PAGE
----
The scientist responsible for the implementation of professional cycling's biological passport system says some sports are 10 years behind cycling when it comes to anti-doping procedures. Major League baseball star Alex Rodriguez recently confessed to using steroids early in his career, and homerun king Barry Bonds saw his career unravel after a legal tussle over alleged steroid use.
Dr Neil Robinson, who works at an anti-doping laboratory in Lausanne, Switzerland, said on Monday that the deterrent effect of the passports - which contain a personal record of each cyclist's drug-testing history - was the biggest success of this year.
"What's interesting is that we're able to see certain individuals' statistics change according to the sporting calendar," he said. "We can therefore predict when they're going to dope, and that allows us to provide information to the federation so that they can better adapt their anti-doping tests.
"For example, if one rider concentrates on the Belgian classics while others focus on the Tour de France or the Tour of Spain, we're able to observe any abnormal behaviour from individuals before these competitions," he added.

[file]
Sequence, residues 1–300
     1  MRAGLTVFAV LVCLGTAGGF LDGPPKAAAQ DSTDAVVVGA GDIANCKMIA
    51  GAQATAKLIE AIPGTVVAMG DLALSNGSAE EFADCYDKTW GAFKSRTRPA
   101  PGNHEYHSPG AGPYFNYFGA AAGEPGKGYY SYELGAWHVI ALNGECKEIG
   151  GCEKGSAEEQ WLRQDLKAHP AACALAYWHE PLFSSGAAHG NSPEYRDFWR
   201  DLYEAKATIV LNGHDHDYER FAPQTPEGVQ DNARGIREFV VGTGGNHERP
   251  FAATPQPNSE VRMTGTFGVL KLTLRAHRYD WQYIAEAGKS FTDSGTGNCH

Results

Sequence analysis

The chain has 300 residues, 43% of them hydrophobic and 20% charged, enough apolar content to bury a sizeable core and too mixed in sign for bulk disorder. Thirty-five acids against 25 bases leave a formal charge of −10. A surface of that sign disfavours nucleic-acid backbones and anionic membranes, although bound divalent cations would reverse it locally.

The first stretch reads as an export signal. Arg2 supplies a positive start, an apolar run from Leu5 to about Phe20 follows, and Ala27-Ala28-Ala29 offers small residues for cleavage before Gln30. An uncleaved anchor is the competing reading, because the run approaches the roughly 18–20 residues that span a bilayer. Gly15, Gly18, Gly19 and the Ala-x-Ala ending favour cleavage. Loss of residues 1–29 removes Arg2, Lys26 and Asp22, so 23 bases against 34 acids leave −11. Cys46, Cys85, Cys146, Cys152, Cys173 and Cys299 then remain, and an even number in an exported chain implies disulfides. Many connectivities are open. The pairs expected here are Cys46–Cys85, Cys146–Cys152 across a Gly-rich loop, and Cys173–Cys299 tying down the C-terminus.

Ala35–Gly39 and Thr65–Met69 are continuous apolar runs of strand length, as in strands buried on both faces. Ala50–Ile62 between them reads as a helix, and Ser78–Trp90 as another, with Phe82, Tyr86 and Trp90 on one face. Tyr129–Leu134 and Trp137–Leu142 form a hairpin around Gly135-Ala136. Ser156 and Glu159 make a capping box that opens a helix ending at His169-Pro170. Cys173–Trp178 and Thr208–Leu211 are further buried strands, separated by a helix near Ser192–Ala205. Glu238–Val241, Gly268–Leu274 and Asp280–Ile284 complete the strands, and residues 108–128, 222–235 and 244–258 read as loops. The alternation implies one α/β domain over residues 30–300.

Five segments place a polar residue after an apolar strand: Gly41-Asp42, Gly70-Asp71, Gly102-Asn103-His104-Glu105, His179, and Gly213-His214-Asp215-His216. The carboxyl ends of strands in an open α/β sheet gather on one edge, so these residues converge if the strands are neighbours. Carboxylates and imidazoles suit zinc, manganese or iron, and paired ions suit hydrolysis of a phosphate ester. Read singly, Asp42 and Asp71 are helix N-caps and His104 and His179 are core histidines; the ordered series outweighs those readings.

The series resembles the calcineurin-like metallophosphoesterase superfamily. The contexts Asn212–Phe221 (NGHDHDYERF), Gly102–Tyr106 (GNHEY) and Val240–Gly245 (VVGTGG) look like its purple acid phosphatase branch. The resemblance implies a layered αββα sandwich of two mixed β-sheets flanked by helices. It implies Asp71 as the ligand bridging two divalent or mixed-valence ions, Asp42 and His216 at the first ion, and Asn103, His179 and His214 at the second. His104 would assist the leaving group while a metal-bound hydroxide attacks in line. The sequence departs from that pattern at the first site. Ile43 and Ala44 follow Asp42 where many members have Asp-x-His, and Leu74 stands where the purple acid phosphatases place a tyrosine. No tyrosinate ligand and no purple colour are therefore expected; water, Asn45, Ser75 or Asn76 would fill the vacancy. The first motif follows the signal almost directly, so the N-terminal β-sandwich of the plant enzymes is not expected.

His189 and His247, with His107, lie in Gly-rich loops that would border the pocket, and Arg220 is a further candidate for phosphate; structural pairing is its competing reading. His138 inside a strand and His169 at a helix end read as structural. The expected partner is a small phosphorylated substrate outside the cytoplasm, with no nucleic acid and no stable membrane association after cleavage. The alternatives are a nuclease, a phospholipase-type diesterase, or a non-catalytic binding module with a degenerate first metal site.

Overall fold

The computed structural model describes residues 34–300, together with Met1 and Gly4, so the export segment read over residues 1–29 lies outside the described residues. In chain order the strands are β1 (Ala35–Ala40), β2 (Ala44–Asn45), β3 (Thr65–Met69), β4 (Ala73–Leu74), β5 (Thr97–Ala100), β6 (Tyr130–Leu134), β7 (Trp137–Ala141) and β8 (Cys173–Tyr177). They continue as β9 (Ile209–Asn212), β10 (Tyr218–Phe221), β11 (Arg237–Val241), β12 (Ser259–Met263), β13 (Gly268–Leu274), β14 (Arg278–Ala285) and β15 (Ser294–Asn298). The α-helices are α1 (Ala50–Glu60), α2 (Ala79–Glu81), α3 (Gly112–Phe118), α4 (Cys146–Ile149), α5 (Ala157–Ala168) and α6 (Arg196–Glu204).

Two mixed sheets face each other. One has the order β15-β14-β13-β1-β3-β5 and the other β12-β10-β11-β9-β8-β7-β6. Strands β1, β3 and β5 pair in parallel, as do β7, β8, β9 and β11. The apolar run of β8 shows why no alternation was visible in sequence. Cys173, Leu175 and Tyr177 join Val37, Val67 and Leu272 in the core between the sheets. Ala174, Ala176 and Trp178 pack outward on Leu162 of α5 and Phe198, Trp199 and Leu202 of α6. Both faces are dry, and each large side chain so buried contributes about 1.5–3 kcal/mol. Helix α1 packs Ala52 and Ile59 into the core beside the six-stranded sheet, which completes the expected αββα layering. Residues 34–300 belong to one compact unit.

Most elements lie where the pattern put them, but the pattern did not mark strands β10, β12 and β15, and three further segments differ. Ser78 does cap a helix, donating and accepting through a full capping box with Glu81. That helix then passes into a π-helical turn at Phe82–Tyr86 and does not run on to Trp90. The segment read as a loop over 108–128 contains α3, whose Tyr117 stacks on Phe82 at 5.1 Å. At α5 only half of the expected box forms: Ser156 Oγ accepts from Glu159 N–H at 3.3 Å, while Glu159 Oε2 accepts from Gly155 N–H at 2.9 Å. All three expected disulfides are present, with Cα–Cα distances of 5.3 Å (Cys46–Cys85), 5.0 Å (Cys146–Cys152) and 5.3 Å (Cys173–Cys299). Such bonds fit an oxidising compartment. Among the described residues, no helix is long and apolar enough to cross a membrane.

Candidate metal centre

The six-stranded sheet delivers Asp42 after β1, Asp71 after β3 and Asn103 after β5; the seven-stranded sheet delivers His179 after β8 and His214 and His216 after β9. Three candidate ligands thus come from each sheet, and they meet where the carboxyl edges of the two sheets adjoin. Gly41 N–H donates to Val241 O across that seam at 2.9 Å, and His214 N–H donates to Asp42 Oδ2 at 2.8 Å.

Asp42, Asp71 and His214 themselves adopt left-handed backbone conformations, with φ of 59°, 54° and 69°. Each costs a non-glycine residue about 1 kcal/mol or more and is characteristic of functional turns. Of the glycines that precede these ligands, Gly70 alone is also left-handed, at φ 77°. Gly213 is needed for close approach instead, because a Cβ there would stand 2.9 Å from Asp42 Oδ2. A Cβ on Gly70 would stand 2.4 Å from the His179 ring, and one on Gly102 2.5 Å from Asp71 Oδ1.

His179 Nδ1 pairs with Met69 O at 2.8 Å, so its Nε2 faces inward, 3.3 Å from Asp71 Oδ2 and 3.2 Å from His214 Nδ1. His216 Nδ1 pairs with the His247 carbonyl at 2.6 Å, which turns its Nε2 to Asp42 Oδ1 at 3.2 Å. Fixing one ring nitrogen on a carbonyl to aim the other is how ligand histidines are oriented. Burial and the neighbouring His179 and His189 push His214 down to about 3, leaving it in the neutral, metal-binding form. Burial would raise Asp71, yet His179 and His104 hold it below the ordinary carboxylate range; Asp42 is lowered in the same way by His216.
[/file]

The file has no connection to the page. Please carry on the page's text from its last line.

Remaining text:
The passport system was adopted by the International Cycling Union (UCI) in January 2008 and the organisers of the three major Tours - in France, Spain and Italy - have all decided to enforce ownership of a passport as a prerequisite for participation in their events.
"Lots of people (in other sports) have criticised the UCI, but you only find things by looking," Robinson said. "We have profiles (of athletes) in certain sports which correspond to what we saw in cycling 10 years ago. I'm not saying that there's no doping in cycling, but the UCI has put a strategy in place and the results are plain to see."
Last Friday, the UCI and the French Anti-doping Agency (AFLD) reached an agreement over drug-testing measures in the Paris-Nice stage race.
© BikeRadar & AFP 2009